Swadeshi Shodh Sansthan


The world famous Akita, Hachiko, lived in the Shibuya area of Tokyo with his owner, Dr. Hidesaburō Ueno, who was a professor of agricultural engineering at Tokyo University. Each morning, the two would walk to Shibuya train station together so Dr. Ueno could take the train to work. Hachiko would return to the station at 3pm each afternoon and wait for Ueno’s return so they could walk home together.

Sadly, when he was about 50 years old, Dr. Ueno died of a cerebral hemorrhage while teaching in May 1925, just two years after he and Hachiko met. Because Professor Ueno died at work, he never came home via Shibuya station to reunite with his faithful pet. Hachiko was left waiting, but visited the next day hoping to find his owner. And the next day, and the next. Because Ueno’s grieving widow couldn’t care for him, Hachiko was given away to different owners.

Eventually Ueno’s former gardener, Kikuzaburo Kobayashi, gave Hachiko a place to live. His new home was several miles away from Shibuya, but this made little difference to Hachiko’s behavior. Every day he diligently continued his daily walk to Shibuya train station (about six miles away!), where he waited patiently for Ueno to come home. And so Hachiko continued to wait every day for the next nine years.

As you might expect, the commuters who rushed through Shibuya Station noticed the distinctive white dog who never seemed to lose patience or hope. He soon became known as ‘the faithful dog’ by the local community, the train station staff, and eventually the entire country when an article was published in the Asahi Shimbun, one of Japan’s most respected daily newspapers.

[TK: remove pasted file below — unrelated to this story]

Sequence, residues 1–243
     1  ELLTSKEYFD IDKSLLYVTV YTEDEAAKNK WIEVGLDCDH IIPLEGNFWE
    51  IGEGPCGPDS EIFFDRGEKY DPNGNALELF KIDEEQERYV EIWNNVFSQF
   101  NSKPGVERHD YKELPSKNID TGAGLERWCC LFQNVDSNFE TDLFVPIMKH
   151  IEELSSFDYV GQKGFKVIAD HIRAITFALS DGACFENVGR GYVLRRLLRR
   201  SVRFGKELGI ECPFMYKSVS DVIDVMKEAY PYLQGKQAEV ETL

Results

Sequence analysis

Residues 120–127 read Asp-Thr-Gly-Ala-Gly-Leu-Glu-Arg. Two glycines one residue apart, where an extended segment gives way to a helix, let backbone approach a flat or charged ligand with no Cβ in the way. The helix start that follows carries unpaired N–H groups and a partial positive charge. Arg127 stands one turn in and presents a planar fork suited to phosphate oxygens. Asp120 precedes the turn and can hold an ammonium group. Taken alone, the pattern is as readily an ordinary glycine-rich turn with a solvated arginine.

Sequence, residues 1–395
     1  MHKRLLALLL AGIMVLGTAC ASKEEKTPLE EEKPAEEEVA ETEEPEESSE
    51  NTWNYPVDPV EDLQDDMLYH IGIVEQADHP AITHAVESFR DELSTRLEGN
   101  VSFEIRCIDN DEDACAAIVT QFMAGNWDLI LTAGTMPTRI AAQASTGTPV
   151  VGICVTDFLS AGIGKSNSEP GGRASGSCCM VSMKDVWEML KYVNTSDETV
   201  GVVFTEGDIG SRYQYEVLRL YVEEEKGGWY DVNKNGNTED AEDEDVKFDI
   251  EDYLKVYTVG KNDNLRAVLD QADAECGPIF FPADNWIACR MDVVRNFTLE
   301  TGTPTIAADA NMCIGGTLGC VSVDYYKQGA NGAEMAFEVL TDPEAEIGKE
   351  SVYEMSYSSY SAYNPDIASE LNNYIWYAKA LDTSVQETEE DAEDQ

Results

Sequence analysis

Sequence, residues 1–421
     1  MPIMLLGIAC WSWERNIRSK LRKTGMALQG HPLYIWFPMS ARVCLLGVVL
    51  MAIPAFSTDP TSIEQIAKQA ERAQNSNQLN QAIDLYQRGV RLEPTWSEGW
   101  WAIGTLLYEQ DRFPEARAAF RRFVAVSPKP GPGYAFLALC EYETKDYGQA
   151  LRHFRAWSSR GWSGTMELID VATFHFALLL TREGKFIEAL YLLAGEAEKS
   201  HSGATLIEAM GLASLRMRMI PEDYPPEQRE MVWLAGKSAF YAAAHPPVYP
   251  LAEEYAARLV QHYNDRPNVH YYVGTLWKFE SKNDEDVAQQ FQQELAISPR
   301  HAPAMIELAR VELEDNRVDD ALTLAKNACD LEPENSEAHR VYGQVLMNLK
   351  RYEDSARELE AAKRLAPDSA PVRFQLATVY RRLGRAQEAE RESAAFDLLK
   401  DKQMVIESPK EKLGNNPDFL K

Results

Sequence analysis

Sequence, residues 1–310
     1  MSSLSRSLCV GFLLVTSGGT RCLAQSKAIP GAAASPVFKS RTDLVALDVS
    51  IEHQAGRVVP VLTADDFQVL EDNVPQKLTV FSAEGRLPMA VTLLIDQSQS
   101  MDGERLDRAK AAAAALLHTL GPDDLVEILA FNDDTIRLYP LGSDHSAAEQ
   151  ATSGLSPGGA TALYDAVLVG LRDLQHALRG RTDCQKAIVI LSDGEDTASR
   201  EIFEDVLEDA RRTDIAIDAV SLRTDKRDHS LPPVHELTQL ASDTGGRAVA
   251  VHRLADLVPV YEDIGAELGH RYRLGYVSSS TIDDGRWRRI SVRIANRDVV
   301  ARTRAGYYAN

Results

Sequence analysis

On March 8th, 1935, Hachiko himself died from natural causes outside the station (although a disproved legend claims he died from a stomach rupture after swallowing a yakitori skewer). The rail staff – who knew Hachiko well – took his body into the baggage room and prayed with him, and the entire country mourned his passing, with newspaper headlines reporting the story.

Hachiko’s fur was preserved and stuffed, and you can still visit him on permanent display at the National Science Museum in Ueno, Tokyo. However, Hachiko’s bones were cremated, allowing his ashes to be buried alongside his much-loved master at Aoyama Cemetery, and the pair finally reunited.

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